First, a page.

I came from a highly disadvantaged background; one that would be classified as nearly hopeless from which to climb the socioeconomic ladder from. But you know what? I didn't care. I busted my ass, didn't listen to the folks who said I'd never make it (and there were plenty) and didn't let bumps in the road throw me off my game. I may have taken the long way, because there were a lot of hurdles to overcome, but I'm a few years of required post-graduate training away from a guaranteed 6-figure salary right now. All from a background of being the oldest of 7 who's parents who raised us on ~$30K/year and didn't put a lot of stock in education beyond high-school.

    My younger siblings are all also now pursuing/finishing education in business (MBA) and STEM fields. I recon I'll have siblings who are executives at successful companies, dentists, and Allied Health professionals (MD, PA, dPT etc).

    We all just put our heads down and worked hard. We weren't concerned about how unfair the hand we were dealt with was, we were too busy rifling through the deck finding the best cards for ourselves.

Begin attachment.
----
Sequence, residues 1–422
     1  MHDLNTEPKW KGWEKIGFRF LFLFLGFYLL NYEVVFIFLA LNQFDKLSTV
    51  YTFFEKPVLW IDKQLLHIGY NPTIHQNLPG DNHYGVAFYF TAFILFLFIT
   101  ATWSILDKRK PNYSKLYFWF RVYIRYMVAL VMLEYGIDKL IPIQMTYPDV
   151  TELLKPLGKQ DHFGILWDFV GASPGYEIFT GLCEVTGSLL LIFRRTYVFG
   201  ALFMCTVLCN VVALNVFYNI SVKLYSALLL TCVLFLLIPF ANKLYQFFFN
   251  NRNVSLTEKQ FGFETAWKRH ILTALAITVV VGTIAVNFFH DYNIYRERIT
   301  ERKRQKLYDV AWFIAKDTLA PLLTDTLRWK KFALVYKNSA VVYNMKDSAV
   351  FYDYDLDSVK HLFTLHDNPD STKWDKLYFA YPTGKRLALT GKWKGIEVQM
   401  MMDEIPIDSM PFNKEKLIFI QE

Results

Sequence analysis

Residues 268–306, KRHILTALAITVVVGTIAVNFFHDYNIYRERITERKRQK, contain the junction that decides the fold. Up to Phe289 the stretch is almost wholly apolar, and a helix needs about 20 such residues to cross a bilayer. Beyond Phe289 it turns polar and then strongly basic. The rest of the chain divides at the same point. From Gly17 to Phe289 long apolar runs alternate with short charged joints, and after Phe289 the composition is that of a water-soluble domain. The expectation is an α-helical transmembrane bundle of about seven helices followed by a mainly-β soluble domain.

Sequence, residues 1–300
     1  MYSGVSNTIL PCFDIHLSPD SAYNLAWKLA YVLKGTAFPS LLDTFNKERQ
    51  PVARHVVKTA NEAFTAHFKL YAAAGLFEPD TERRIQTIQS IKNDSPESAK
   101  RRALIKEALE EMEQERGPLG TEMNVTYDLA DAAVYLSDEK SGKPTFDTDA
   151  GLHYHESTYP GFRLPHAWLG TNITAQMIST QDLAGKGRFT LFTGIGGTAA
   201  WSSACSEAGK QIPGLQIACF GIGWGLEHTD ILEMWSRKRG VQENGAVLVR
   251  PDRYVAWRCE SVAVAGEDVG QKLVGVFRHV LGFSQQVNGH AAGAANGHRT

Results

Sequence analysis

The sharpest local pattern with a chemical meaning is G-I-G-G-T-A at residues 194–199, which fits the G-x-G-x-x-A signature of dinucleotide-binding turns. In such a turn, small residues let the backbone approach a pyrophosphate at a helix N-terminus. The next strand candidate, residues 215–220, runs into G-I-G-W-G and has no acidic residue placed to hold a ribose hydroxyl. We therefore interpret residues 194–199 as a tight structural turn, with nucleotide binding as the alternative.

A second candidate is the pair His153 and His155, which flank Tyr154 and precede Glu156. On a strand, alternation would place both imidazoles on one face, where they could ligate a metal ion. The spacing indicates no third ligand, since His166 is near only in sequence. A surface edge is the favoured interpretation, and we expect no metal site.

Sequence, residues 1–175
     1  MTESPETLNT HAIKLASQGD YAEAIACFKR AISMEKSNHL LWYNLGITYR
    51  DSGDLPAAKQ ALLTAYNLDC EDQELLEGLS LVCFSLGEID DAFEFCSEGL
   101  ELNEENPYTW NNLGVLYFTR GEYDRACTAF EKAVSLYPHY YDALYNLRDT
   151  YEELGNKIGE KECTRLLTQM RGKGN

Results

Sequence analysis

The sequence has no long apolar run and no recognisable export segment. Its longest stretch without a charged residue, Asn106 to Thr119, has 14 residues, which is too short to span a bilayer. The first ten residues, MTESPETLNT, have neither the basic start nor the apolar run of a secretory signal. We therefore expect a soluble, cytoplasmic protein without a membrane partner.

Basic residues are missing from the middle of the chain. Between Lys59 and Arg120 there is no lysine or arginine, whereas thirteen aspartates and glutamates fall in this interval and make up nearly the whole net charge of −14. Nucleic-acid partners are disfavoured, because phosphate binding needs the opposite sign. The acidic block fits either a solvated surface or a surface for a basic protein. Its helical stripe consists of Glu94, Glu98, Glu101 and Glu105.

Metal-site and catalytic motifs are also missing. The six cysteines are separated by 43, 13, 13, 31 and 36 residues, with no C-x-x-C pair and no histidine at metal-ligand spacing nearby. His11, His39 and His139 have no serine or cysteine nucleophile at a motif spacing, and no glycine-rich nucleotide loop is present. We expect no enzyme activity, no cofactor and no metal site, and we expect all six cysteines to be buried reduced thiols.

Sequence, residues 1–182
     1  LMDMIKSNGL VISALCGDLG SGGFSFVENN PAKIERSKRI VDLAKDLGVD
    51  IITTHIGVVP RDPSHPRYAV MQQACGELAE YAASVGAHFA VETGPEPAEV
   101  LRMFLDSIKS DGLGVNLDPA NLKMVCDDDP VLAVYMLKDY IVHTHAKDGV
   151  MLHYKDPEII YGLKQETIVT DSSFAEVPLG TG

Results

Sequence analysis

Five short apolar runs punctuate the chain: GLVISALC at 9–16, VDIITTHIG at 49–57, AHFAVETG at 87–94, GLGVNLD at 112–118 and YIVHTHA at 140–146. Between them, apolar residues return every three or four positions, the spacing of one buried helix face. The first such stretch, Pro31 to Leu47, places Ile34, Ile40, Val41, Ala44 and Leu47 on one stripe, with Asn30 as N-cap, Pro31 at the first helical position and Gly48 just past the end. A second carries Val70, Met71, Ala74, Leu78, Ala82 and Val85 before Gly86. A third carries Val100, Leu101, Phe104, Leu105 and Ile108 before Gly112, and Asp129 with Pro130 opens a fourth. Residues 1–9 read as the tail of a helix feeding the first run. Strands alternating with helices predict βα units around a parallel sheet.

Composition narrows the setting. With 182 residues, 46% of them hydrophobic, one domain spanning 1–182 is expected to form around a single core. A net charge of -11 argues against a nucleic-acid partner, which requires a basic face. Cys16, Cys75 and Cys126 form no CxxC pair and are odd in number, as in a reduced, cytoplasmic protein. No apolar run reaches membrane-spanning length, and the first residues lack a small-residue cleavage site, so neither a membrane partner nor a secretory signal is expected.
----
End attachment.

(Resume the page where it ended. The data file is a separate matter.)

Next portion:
So yeah, call me an apologist, but hard work, dedication, and focus on what is in ones sphere of influence can be highly valuable.
     
  5. burgundyyears macrumors 6502

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    #5
    It's weird how those on the right and the left both get so hyperbolically nostalgic for the 1950's, albeit for completely different reasons.
     
  6. citizenzen macrumors 65816

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    #6
    Unless you grew up as an untouchable in India, you're being hyperbolic.